Out of the 400 participants who were included in the study, 316 participants (157 interns, 57 postgraduates, and 102 junior residents) answered the questionnaire completely and their responses were considered for the study. The overall response rate was 79%. A majority of the participants (63%) positively agreed that the existing experimental pharmacology training (experiments on isolated frog rectus, frog heart, rabbit eye, etc.) was not relevant for therapeutic application. Dispensing pharmacy exercises (preparing and dispensing ointments, liniments, lotions, etc.) was also felt to be non-relevant in clinical practice, as expressed by 78% of the participants. The median attitude scores are given in [Table/Fig 1].Eight four percent of the participants felt the necessity for a prior exposure to the available medicinal preparations. Training in the selection of the appropriate drug formulations and the critical evaluation of the drug promotion literature were other aspects which were expressed by 95% and 77% of the participants respectively, to be included in the undergraduate curriculum. Exposure to newer devices which are used for drug administration (nebulizers, metered dose inhalers, insulin pumps, etc.) was felt to be relevant in the day-to-day hospital practice, by 95% of the participants. Many participants (82%) concurred that teaching pharmacoeconomics was an important consideration in the present scenario of the spiralling costs of health care.The participants (97%) felt that there were some inadequacies while prescribing for special risk groups like children, pregnant woman, patients with renal and liver diseases, and geriatric patients. They (95%) also agreed on the need to be sensitized about pharmacovigilance. Hospital-based and real patient-based learning of the pharmacology practicals respectively, were other suggestions which were agreed to widely by the participants (91% and 93%). A necessity to integrate pharmacology along with other clinical subjects was expressed by 80% of the participants.The median opinion scores for the suggestions are shown in [Table/Fig 2]. No statistically significant difference in opinion was observed between the interns, postgraduate students and the junior residents for all the suggestions (p >0.05%) [Table/Fig 2].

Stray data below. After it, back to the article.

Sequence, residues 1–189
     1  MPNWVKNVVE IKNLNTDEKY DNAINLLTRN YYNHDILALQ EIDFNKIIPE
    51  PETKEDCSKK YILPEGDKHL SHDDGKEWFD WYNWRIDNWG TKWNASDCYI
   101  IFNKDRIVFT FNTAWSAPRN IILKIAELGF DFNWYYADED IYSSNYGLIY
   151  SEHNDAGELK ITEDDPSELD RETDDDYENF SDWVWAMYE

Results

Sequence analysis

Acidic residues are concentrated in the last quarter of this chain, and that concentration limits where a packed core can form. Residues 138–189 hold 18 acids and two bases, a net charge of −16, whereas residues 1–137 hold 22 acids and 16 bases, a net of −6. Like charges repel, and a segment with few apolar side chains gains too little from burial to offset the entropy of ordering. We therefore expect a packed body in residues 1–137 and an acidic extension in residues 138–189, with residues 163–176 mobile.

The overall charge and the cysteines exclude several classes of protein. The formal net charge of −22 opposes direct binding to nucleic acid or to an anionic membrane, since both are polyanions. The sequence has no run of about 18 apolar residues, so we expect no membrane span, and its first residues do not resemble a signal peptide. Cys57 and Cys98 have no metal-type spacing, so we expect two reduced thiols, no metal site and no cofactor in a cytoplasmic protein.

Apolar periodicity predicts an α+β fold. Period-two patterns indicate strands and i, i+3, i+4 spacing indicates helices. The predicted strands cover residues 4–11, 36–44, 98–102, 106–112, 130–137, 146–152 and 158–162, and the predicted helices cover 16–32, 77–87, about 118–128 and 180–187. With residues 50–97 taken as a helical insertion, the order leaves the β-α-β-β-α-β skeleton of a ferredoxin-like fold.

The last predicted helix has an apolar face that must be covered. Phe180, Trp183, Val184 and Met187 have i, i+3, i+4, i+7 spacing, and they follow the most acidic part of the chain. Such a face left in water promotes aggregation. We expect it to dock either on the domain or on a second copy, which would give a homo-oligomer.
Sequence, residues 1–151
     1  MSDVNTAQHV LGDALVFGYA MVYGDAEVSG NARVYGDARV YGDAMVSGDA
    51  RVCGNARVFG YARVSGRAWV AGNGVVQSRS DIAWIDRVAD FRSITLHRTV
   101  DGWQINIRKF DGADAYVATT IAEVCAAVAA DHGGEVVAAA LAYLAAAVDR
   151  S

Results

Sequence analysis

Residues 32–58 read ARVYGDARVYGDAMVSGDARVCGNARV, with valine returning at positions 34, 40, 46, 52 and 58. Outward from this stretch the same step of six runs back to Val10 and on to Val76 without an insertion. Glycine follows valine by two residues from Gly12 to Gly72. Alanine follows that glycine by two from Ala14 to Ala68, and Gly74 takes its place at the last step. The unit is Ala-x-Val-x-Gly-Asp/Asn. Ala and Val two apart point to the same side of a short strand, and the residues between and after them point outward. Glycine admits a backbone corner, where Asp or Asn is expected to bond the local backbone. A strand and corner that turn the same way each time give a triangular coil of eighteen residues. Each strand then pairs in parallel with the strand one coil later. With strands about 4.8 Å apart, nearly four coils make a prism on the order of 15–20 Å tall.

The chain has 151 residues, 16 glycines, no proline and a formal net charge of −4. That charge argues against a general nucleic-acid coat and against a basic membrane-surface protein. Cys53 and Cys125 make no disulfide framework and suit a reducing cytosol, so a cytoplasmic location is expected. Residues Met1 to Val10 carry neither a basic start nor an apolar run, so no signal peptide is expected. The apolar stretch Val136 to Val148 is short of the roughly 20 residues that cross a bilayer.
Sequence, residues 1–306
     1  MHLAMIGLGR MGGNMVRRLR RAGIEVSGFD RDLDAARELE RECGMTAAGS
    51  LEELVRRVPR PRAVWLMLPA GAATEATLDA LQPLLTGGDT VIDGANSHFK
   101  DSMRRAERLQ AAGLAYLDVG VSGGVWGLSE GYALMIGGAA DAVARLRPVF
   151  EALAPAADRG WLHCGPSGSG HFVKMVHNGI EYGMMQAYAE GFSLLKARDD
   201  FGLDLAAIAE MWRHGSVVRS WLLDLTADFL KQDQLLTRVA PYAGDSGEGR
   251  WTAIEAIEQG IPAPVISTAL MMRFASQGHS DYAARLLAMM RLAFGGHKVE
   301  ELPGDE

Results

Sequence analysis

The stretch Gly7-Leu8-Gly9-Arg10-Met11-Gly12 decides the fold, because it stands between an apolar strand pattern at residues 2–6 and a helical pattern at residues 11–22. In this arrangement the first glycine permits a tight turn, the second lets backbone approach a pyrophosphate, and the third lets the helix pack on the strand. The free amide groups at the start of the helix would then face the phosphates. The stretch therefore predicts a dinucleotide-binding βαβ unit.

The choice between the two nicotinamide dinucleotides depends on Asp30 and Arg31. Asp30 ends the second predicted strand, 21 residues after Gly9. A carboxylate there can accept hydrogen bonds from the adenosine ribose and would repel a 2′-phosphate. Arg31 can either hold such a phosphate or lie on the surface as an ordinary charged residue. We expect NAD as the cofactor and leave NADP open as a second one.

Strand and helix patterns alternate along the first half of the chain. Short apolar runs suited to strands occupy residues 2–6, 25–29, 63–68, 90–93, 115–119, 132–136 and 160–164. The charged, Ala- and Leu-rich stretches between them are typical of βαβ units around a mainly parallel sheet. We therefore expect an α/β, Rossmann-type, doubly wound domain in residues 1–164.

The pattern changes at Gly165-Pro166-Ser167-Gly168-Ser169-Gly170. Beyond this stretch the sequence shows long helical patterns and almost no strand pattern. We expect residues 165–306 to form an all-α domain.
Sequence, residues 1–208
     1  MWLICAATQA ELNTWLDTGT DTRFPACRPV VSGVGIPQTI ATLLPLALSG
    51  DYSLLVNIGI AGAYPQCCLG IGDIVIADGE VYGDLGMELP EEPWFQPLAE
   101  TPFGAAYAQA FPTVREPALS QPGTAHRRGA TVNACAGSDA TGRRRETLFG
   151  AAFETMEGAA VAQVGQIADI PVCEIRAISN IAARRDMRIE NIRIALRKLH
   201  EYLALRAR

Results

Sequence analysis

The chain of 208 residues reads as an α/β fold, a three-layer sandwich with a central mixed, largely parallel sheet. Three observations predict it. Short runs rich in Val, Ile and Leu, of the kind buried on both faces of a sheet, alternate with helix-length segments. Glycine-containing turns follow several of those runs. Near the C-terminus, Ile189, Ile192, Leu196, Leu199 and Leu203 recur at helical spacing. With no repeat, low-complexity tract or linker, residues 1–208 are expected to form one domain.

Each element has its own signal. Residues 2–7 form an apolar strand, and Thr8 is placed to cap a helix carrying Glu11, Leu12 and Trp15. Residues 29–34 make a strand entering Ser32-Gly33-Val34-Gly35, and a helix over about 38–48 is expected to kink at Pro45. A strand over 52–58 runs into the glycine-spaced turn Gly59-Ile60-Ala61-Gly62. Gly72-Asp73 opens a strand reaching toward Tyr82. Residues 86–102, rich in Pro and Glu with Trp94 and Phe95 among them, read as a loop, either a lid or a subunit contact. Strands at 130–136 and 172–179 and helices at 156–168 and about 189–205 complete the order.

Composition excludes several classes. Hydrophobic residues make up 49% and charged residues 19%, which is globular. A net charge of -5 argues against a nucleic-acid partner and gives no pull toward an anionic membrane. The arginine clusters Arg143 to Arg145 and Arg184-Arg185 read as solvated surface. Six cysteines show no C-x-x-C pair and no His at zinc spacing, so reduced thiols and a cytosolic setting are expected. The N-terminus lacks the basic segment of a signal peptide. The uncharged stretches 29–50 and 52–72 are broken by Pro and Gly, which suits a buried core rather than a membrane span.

Although it was not a representative sample, the high response rate (79%) indicated the keenness of the participants in expressing their views about the changes which were required for the present pharmacology curriculum. Our study has substantiated the view that the existing practical curricula, both experimental pharmacology and dispensing pharmacy, have become inadequate in preparing the medical students for clinical practice (3). The junior medical graduates, under the supervision and guidance of the seniors, are actively involved in patient care. They have to take therapeutic decisions and independently prescribe drugs. Unfamiliarity and inadequate preparedness, when exposed to a wide range of drug formulations, creates confusion and difficulty in selecting the appropriate drugs. Exposing the students to the medicinal formulations of at least the essential drugs (both generic and branded), enhances their familiarity to the label instructionsdrug schedule, precautions, and contraindications, and facilitates them to compare the generic and branded drugs. A majority of the participants felt the necessity for a prior exposure to the available medicinal preparations. Most of the participants felt the necessity to be educated about the rationale in selecting the appropriate pharmaceutical drug formulations— extended release, enteric coated, dispersible tabs, etc., which were appropriate to the patient and the disease.Commercial motives, rather than the educational aspects of drug promotional literatures, tend to adversely influence the medical graduates (4). The participants agreed for the need to be appropriately trained about the critical evaluation of the drug promotion literature. A majority of them felt the need to include newer devices which are used for drug administration such as nebulizers, metered dose inhalers, insulin pumps, etc., in the undergraduate exercises. One important factor for poor patient compliance was the high cost of drugs, especially for chronic diseases. Many participants concurred that the undergraduate teaching of pharmacoeconomics was an important consideration in the present scenario, which would help them choose the drugs based on their efficacy, safety, suitability, and costs (5). Prescribing for special risk groups was another aspect which the participants wanted to be included as an exercise. Presently, the prescription writing exercise tends to be only deskwork for a few common diseases and does not always reflect the factual reality of drug prescribing. Medical students should be trained in adverse drug reaction monitoring and reporting. It inculcates the discipline of attentive scientific observation and the recording and reporting of adverse drug events, even in their future clinical practice. The participants felt the need for a hospital-based and real patientbased learning of practical pharmacology. This exposes the students to the practical realities of the application of pharmacology knowledge in patient care (6). Attempts to simulate clinically oriented learning by introducing structured problem-based learning (PBL) tend to become stereotyped and fixed with little variation. Context learning is found to be more successful and effective than sequential learning, wherein learning and the application of knowledge are separated (7). The suggestions on introducing practical pharmacology, such as taking the drug history, writing the medication chart, calculating the drug dose for a given patient, observing the effect of the drugdrug interactions and the drugs which are used in the casualty, etc., would overcome the abovementioned lacunae. These exercises will be more dynamic, novel, interesting and interactive. Bedside learning and real patient-based learning creates open unstructured questions, thus involving the active participation of both the teachers and the students. It will sustain interest, enthusiasm and curiosity to observe the outcome of each exercise. The participants felt the necessity for such a bedside and real patient-based learning of the pharmacology practicals. During the clinical postings, emphasis is laid on teaching the diagnostic reasoning of the disease (history taking, observing the signs and symptoms, etc) rather than therapeutic reasoning and prescribing. A necessity for clinical pharmacology to be taught along with other clinical subjects was expressed by the participants. These responses indicate that in addition to teaching pharmacology in the MBBS phase II courses, there is a need to include the teaching of clinical pharmacology in the MBBS Phase III courses, to hone the therapeutic reasoning and the rational prescribing skills of the students. In addition to the necessity for changing the present pharmacology curriculum, the present survey shows the nature and extent of the changes which are expected in the clinical application of pharmacology knowledge by the junior doctors. In conclusion, pharmacology teaching and learning must be need based, to optimize the effectiveness of the clinical service by the future doctors.